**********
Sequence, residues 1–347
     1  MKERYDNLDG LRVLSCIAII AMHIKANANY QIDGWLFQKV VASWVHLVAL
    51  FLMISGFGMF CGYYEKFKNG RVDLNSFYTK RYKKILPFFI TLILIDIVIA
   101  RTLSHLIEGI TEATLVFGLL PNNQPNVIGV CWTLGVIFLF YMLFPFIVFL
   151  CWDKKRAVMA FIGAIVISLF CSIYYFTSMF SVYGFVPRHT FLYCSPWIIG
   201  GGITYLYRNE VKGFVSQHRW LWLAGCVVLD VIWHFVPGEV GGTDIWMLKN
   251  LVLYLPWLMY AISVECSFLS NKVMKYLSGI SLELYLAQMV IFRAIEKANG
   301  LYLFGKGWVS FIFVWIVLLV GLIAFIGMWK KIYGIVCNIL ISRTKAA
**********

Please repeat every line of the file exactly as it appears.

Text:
Sequence, residues 1–347
     1  MKERYDNLDG LRVLSCIAII AMHIKANANY QIDGWLFQKV VASWVHLVAL
    51  FLMISGFGMF CGYYEKFKNG RVDLNSFYTK RYKKILPFFI TLILIDIVIA
   101  RTLSHLIEGI TEATLVFGLL PNNQPNVIGV CWTLGVIFLF YMLFPFIVFL
   151  CWDKKRAVMA FIGAIVISLF CSIYYFTSMF SVYGFVPRHT FLYCSPWIIG
   201  GGITYLYRNE VKGFVSQHRW LWLAGCVVLD VIWHFVPGEV GGTDIWMLKN
   251  LVLYLPWLMY AISVECSFLS NKVMKYLSGI SLELYLAQMV IFRAIEKANG
   301  LYLFGKGWVS FIFVWIVLLV GLIAFIGMWK KIYGIVCNIL ISRTKAA